In an attempt to shed light on the growing issue, this thesis outlines the features of a structural equation model intended to test organizational and individual adaptability, where learning and interaction are of paramount importance. The central issue concerns the forms of interactions and learning that contribute to consequences of organizational outcomes (i.e. efficiency, effectiveness, and innovation) and to simultaneously assess the influence of these processes on employees’ outcomes (i.e. individual learning, goal commitment, and regeneration).

    To provide an enhanced picture of this inquiry, 22 pharmacies encompassing 252 employees have been subject to a cross-sectional study. The role of three interactional perspectives has been tested to ascertain their potential to be enablers of sustainable competitive advantage. These three perspectives are: feedback, knowledge exchange, and social network.

    The results of this thesis suggest that these three forms of interaction serve as a vehicle for shaping organizational and individual outcomes. Main findings presented in this thesis are that interactions facilitate organizational outcomes and individual outcomes. However, just as interaction facilitates favourable outcomes, it also has effects that can be constrictive. Generally, it is possible to enhance, decrease, or vary these interactions in order to improve the organizations’ sustainable competitive advantage, to the benefit of employees, stockholders, and customers. This undertaking, however, is not a simple one as certain interactions produce trade-off effects in the attainment of sustainable competitive advantage.

  • 16.
    Hemphälä, Jens
    et al.
    KTH, School of Industrial Engineering and Management (ITM), Engineering Design, Integrated Product Development and Design.
    Eneberg, Magnus
    KTH, School of Industrial Engineering and Management (ITM), Engineering Design, Integrated Product Development and Design.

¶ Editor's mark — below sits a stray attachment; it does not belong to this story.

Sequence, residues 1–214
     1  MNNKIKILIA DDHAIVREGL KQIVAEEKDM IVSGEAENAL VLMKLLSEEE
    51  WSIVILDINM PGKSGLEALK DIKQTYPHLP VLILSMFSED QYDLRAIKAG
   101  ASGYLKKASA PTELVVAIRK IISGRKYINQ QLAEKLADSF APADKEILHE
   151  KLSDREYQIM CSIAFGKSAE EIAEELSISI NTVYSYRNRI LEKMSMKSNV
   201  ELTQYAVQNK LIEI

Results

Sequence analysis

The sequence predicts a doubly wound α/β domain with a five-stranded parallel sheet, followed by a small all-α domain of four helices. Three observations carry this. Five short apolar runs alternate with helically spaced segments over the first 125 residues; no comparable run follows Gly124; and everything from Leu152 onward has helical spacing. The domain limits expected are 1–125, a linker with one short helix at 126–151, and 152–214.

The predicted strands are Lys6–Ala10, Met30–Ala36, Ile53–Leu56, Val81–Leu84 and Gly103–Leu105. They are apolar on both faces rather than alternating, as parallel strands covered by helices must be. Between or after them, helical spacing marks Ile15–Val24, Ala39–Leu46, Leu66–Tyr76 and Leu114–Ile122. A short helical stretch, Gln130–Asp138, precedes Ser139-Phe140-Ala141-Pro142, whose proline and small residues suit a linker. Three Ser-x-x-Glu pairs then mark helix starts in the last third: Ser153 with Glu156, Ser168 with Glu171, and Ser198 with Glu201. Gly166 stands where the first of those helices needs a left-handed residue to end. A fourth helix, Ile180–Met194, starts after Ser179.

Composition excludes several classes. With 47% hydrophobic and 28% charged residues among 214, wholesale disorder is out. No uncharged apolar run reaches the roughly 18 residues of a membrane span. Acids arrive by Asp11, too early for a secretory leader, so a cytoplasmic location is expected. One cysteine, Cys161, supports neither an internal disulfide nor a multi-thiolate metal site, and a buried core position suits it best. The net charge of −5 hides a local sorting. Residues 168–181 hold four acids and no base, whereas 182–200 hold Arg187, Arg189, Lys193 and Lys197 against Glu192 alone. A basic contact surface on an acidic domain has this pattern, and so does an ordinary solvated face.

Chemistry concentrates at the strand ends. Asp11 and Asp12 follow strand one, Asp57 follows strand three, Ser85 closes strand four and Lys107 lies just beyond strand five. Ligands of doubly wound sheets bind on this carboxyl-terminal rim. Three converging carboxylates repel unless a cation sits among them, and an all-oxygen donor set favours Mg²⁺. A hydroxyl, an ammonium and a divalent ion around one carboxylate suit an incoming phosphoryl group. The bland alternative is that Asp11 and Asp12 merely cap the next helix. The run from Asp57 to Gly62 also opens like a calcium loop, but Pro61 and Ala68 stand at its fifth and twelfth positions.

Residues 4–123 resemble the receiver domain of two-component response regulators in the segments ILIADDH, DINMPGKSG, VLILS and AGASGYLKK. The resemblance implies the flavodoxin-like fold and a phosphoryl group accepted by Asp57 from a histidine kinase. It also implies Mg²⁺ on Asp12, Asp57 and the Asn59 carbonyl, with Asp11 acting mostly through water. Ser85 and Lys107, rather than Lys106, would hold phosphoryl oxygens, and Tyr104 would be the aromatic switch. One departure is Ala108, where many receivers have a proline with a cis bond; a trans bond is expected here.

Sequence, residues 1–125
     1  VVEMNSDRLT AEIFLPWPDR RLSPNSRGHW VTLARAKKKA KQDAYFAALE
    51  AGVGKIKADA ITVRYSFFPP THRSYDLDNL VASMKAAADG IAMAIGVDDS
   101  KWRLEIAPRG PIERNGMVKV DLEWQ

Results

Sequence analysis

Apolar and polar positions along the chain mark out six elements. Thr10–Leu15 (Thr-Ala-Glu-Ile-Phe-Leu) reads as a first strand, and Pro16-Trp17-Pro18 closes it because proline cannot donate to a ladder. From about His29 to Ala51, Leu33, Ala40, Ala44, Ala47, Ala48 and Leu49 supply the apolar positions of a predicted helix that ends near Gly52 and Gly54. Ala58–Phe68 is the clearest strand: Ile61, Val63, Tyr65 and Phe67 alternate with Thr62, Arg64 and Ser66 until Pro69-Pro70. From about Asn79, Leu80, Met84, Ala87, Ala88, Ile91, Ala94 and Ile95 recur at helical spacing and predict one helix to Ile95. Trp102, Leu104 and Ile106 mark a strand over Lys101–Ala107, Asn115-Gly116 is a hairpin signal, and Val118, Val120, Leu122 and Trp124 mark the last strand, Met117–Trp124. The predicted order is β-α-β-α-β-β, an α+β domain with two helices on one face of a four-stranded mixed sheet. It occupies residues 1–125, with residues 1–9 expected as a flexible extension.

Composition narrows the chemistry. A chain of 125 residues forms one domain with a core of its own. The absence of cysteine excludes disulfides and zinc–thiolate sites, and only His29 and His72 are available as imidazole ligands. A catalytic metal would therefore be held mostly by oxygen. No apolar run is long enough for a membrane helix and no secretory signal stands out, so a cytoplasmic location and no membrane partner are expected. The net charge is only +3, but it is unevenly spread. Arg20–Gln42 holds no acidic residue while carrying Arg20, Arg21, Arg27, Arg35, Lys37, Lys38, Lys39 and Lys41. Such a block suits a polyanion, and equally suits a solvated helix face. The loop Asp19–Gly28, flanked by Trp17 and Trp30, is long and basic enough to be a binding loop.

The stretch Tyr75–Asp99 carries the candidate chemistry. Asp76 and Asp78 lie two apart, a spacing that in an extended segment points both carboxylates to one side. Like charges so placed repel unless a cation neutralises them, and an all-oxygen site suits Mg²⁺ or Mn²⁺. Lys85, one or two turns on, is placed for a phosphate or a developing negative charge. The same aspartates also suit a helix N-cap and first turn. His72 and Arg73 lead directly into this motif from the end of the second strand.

Uncovering misalignments in the health- and elderly care system2023In: Journal of Integrated Care, ISSN 1476-9018, Vol. 31, no 5, p. 117-128Article in journal (Refereed)
    Abstract [en]

    Purpose: The increasing size of the elderly population is emerging as a primary catalyst for the escalation of healthcare expenditure, and a sense of urgency is manifest. However, the complexity of the health- and elderly care systems provides challenges in improving system efficiency. Hence, the system-level understanding of the main obstacles to integration care needs further exploration. In order to better integrate health- and elderly care, the study needs to identify the actual misalignments underpinning the issue. This study provides the theoretical foundations for resource misalignments and provides empirical examples of these. Design/methodology/approach: Semi-structured interviews with multiple stakeholders on various hierarchical levels were carried out to create a more complete view of the system and resources deployed in health- and elderly care. The application of user-centered design methods and co-creation with employees have also been crucial to the outcomes of the study. Findings: Results show that health- and elderly care is a large-scale complex system. The overlapping and mutually reinforcing misalignments are: (1) regulation and policy differences, (2) stakeholder quantity and variation, (3) external control of health- and elderly care, (3) decreasing collaboration and (4) communication channels and IT development. Originality/value: This qualitative study builds on institutional theory and resource integration theory and contributes with empirical descriptions of misalignments in the health- and elderly care system. These descriptions will serve as points of departure for systems design to improve the efficiency and effectiveness of health- and elderly care.